Developers in the U.S. added more than 1,200 MW of large-scale battery power storage capacity in the third quarter, tripling year-ago levels, according to a report released Wednesday by S&P Global Market Intelligence.
Following months of project delays caused by the pandemic, total non-hydro storage resources now stand at about 9,200 MW.
As of early November, 3,300 MW of new large-scale storage were completed this year, “on par with last year's record volume,” the report said. “The industry appears poised for another year of rapid growth,” it said.
Additions planned between 2023 and 2025 stand at 46 GW, up from 31 GW in June. “Overall, the near-term development pipeline keeps surging,” the report said.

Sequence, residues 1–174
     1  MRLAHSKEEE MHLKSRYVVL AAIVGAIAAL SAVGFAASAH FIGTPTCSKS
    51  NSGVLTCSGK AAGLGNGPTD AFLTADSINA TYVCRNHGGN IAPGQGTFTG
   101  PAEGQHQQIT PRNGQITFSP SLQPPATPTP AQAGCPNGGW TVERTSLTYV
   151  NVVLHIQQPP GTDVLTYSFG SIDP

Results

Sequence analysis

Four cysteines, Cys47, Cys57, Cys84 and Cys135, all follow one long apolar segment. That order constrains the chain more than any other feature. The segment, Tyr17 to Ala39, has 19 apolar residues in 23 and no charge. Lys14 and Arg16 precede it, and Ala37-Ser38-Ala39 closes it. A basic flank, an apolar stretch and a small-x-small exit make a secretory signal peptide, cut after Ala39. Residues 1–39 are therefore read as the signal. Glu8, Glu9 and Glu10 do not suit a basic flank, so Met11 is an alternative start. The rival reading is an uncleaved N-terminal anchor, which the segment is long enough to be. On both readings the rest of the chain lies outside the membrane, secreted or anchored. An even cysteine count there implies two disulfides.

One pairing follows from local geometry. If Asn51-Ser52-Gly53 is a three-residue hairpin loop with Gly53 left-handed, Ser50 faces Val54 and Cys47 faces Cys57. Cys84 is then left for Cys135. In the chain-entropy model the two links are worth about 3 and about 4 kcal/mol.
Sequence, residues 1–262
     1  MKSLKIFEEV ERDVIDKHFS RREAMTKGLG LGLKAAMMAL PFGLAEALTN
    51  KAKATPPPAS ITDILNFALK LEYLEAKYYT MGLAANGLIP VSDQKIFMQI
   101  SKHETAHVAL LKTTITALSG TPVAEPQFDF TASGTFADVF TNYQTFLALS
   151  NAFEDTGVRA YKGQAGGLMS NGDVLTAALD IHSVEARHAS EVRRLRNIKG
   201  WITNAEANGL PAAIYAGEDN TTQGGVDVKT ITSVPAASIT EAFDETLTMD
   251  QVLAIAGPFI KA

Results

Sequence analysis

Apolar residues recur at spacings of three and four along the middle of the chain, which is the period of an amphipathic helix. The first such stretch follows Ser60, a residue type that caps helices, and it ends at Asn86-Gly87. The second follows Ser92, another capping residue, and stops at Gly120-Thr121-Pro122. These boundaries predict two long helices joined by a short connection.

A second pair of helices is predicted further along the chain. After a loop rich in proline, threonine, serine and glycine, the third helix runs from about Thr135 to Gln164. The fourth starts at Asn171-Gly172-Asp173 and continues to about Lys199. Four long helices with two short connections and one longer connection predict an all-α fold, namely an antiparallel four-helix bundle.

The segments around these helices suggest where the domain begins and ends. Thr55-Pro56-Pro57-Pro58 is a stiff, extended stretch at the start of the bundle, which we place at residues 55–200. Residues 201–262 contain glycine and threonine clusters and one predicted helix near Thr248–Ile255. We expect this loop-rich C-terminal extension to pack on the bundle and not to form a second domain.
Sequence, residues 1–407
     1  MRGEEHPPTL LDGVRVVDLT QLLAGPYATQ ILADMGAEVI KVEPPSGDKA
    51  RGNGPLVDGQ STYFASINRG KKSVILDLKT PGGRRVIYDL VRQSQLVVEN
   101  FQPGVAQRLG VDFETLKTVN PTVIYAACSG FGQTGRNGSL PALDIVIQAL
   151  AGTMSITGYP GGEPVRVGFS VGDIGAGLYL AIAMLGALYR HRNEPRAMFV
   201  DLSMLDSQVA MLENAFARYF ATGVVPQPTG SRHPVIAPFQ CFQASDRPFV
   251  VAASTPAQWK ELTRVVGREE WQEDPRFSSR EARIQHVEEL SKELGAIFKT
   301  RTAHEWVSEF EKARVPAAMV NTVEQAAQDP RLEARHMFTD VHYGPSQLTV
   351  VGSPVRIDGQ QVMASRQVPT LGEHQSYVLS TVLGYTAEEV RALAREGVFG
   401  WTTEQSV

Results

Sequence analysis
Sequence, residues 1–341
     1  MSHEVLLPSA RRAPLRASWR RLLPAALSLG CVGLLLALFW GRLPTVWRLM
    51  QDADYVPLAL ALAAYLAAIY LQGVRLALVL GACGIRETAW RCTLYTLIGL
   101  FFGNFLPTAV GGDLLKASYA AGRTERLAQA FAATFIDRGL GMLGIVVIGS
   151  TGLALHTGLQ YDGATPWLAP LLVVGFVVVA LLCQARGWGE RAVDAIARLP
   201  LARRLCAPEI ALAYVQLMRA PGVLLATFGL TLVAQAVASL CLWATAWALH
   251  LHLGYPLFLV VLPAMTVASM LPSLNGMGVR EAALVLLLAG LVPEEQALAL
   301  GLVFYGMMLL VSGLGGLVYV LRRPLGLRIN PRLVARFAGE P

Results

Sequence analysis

Eighteen projects were completed in the third quarter. Most of the battery facilities are designed to provide between one and four hours of energy storage, S&P Global Market Intelligence said.
Supply chain bottlenecks have forced companies to scale back. Planned additions as of Nov. 7 were down 2 GW from six months earlier, to nearly 8 GW, the report said. In addition, developers might slow projects in anticipation of next year’s tax incentives in the federal Inflation Reduction Act, S&P Global Market Intelligence said.
Texas, California and Nevada lead the U.S. in planned large utility-scale energy storage resources. Most planned development through 2028 is in Texas, with 23,600 MW, up from about 15,000 MW six months ago.
Developers have 12,700 MW planned in California. And Nevada's pipeline stands at 5,664 MW, with 388 MW in operation.